Fox News Channel says Andrea Tantaros is not a "victim" but "an opportunist" in its response to the sexual-harassment lawsuit filed last week by the former Fox News host.
In that response, filed Monday in New York, the network is calling for arbitration which it says is in accordance with her employment agreement. The network notes that she is already a party to pending arbitration after having been suspended by Fox, which has accused her of breaching her employment agreement by writing a book without prior authorization by the network.
Fox News claims it learned of Tantaros' book, "Tied Up in Knots ... How Getting What We Wanted Made Women Miserable" in March, a few weeks before it was published.
"This Court should compel Tantaros to proceed in the arbitration proceeding that is already underway," Fox News contends.
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Tantaros last week sued the network, its ousted chairman and other top executives, claiming they retaliated after she detailed unwanted sexual advances made by her onetime boss, Roger Ailes. Tantaros, who described Fox in her lawsuit as a "sex-fueled, Playboy Mansion-like cult," said after she complained last spring about Ailes, one of his top deputies, William Shine, warned her that Ailes was a "very powerful man" and that she "needed to let this one go."
Shine was promoted to co-president of Fox News after Ailes resigned last month amid sexual harassment complaints by another former anchor, Gretchen Carlson, who claimed in a lawsuit of her own that she was fired for refusing his sexual advances. He has denied those accusations.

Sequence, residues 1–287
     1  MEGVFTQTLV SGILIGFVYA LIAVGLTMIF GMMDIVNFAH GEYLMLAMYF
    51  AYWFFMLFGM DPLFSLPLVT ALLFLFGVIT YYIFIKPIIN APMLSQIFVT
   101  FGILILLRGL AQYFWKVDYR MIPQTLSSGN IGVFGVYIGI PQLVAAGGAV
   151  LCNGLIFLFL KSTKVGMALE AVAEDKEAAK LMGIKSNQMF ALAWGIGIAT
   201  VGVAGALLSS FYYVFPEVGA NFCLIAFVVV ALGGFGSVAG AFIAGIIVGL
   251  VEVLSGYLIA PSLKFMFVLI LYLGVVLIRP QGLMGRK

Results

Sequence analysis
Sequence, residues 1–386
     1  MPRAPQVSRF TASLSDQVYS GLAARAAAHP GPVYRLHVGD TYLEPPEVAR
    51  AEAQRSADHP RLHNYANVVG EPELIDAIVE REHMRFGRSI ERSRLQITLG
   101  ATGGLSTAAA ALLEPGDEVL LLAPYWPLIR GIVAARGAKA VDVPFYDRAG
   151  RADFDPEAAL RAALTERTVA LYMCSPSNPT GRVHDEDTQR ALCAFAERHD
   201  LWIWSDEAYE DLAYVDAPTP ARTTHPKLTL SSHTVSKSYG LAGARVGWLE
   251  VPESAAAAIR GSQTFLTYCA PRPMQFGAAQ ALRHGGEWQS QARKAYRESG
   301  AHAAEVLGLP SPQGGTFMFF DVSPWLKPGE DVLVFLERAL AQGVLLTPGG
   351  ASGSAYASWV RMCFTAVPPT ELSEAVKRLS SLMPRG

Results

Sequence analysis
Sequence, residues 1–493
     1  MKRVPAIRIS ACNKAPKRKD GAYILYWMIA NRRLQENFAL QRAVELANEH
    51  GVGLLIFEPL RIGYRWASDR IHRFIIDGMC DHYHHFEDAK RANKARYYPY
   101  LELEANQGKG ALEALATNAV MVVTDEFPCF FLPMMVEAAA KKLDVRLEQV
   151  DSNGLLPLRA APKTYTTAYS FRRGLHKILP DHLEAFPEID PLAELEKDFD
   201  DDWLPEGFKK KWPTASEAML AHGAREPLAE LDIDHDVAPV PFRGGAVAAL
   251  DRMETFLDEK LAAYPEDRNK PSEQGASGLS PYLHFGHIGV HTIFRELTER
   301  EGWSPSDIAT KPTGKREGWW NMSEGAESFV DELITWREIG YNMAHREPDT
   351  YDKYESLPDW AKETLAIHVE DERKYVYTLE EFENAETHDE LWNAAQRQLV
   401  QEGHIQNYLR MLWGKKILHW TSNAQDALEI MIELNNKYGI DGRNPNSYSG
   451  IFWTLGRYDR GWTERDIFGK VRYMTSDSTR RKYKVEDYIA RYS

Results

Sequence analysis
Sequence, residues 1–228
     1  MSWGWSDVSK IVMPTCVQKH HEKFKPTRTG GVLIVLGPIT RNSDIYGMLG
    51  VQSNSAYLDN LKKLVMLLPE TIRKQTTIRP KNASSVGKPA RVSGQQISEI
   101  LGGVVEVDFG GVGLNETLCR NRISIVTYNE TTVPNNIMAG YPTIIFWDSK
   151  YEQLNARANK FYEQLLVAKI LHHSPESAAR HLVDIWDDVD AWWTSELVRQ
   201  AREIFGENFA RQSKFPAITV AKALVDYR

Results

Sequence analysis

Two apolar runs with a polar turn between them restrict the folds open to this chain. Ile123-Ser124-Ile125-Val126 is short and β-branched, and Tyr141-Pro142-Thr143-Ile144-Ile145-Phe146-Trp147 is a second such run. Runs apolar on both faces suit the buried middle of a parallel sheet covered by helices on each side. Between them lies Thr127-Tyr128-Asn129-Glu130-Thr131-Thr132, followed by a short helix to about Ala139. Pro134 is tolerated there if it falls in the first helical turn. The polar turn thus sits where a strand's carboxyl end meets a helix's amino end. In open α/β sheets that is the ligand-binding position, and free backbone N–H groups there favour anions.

Commenting on Fox's filing, Tantaros' lawyer, Judd Burstein, said, "Fox's right to arbitrate is a legal issue on which I am confident Ms. Tantaros will prevail." He added, "If Mr. Shine and his minions are innocent, why do they want this dispute to be resolved in the shadows (with arbitration)?"
Tantaros, a former panelist on "The Five" who was moved to co-host the lesser-viewed "Outnumbered," was pulled off the air a few weeks ago. She claimed that Fox executives used the dispute about her book to try to silence her.
While she claims the network has retaliated against her, "she concedes that she has not been terminated and remains on Fox News' payroll," the network says.
Tantaros says she was subjected to "demeaning conduct," as when Ailes allegedly asked her twice to "turn around so I can get a good look at you," adding, on one occasion, "Come over here so I can give you a hug."
But when she complained, network executives retaliated by cutting her air time and planting news stories meant to tarnish her image, her lawsuit claims.
The Fox News response says her "unverified complaint ... bears all the hallmarks of the 'wannabe'...."